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The Stratosphere - Windows to the Universe

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The stratosphere is the second layer (going upward) of Earth's atmosphere. It is above the troposphere and below the mesosphere. The ozone layer is within the stratosphere.
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Original artwork by Windows to the Universe staff (Randy Russell).

The Stratosphere

The stratosphere is a layer of Earth's atmosphere. The stratosphere is the second layer, as one moves upward from Earth's surface, of the atmosphere. The stratosphere is above the troposphere and below the mesosphere.

The top of the stratosphere occurs at 50 km (31 miles) altitude. The boundary between the stratosphere and the mesosphere above is called the stratopause. The altitude of the bottom of the stratosphere varies with latitude and with the seasons, occurring between about 8 and 16 km (5 and 10 miles, or 26,000 to 53,000 feet). The bottom of the stratosphere is around 16 km (10 miles or 53,000 feet) above Earth's surface near the equator, around 10 km (6 miles) at mid-latitudes, and around 8 km (5 miles) near the poles. It is slightly lower in winter at mid- and high-latitudes, and slightly higher in the summer. The boundary between the stratosphere and the troposphere below is called the tropopause.

Ozone, an unusual type of oxygen molecule that is relatively abundant in the stratosphere, heats this layer as it absorbs energy from incoming ultraviolet radiation from the Sun. Temperatures rise as one moves upward through the stratosphere. This is exactly the opposite of the behavior in the troposphere in which we live, where temperatures drop with increasing altitude. Because of this temperature stratification, there is little convection and mixing in the stratosphere, so the layers of air there are quite stable. Commercial jet aircraft fly in the lower stratosphere to avoid the turbulence which is common in the troposphere below.

The stratosphere is very dry; air there contains little water vapor. Because of this, few clouds are found in this layer; almost all clouds occur in the lower, more humid troposphere. Polar stratospheric clouds (PSCs) are the exception. PSCs appear in the lower stratosphere near the poles in winter. They are found at altitudes of 15 to 25 km (9.3 to 15.5 miles) and form only when temperatures at those heights dip below -78° C. They appear to help cause the formation of the infamous holes in the ozone layer by "encouraging" certain chemical reactions that destroy ozone. PSCs are also called nacreous clouds.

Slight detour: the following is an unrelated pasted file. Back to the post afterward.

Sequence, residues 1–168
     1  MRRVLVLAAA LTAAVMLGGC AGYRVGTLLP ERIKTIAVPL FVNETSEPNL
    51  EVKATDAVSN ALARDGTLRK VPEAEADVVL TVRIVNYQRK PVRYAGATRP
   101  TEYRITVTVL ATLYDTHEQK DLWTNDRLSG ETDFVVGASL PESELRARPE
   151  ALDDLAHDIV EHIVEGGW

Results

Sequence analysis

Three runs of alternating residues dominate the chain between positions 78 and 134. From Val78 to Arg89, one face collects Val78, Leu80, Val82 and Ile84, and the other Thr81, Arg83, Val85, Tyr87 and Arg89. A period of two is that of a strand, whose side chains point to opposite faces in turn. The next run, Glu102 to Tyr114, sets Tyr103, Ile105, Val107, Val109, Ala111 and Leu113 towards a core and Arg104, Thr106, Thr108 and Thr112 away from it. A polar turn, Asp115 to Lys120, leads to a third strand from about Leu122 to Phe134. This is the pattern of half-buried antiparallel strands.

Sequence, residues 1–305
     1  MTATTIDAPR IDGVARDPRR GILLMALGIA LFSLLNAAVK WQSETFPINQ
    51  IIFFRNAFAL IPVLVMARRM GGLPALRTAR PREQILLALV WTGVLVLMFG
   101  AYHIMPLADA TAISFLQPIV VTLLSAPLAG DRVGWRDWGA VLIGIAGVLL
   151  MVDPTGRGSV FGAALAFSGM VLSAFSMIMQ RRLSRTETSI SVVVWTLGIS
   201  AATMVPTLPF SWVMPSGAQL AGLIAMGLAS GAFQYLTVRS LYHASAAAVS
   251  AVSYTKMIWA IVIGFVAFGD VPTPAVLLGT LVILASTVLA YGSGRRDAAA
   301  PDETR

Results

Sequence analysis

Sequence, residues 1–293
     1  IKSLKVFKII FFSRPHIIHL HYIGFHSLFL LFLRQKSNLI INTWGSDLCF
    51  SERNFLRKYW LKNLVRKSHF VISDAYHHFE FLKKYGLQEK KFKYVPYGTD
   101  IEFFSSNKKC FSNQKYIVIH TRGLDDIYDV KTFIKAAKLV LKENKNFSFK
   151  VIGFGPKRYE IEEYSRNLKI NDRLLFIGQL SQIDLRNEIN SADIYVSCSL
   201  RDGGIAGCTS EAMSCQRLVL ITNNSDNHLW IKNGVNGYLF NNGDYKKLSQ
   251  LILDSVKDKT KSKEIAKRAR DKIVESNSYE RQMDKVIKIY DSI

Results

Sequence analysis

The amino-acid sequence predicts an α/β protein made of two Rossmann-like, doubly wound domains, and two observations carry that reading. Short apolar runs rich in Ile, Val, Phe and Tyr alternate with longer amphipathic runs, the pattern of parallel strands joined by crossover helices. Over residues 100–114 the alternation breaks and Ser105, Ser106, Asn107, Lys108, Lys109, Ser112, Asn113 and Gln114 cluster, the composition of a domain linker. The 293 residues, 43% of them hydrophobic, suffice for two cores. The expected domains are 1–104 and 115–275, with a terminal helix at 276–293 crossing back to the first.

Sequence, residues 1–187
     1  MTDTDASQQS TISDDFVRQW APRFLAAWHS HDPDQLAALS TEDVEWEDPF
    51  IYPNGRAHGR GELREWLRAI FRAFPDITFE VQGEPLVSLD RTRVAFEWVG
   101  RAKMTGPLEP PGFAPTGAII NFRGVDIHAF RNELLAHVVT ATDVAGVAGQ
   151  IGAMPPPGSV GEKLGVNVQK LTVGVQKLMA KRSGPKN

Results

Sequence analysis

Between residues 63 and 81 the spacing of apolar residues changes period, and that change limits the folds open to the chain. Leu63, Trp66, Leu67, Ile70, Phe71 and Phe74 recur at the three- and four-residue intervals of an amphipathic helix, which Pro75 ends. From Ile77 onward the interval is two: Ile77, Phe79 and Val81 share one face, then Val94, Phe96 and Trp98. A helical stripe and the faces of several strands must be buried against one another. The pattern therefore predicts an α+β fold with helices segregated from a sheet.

Air is roughly a thousand times thinner at the top of the stratosphere than it is at sea level. Because of this, jet aircraft and weather balloons reach their maximum operational altitudes within the stratosphere.

Due to the lack of vertical convection in the stratosphere, materials that get into the stratosphere can stay there for long times. Such is the case for the ozone-destroying chemicals called CFCs (chlorofluorocarbons). Large volcanic eruptions and major meteorite impacts can fling aerosol particles up into the stratosphere where they may linger for months or years, sometimes altering Earth's global climate. Rocket launches inject exhaust gases into the stratosphere, producing uncertain consequences.

Various types of waves and tides in the atmosphere influence the stratosphere. Some of these waves and tides carry energy from the troposphere upward into the stratosphere; others convey energy from the stratosphere up into the mesosphere. The waves and tides influence the flows of air in the stratosphere and can also cause regional heating of this layer of the atmosphere.

A rare type of electrical discharge, somewhat akin to lightning, occurs in the stratosphere. These "blue jets" appear above thunderstorms, and extend from the bottom of the stratosphere up to altitudes of 40 or 50 km (25 to 31 miles).

Last modified March 30, 2009 by Randy Russell.

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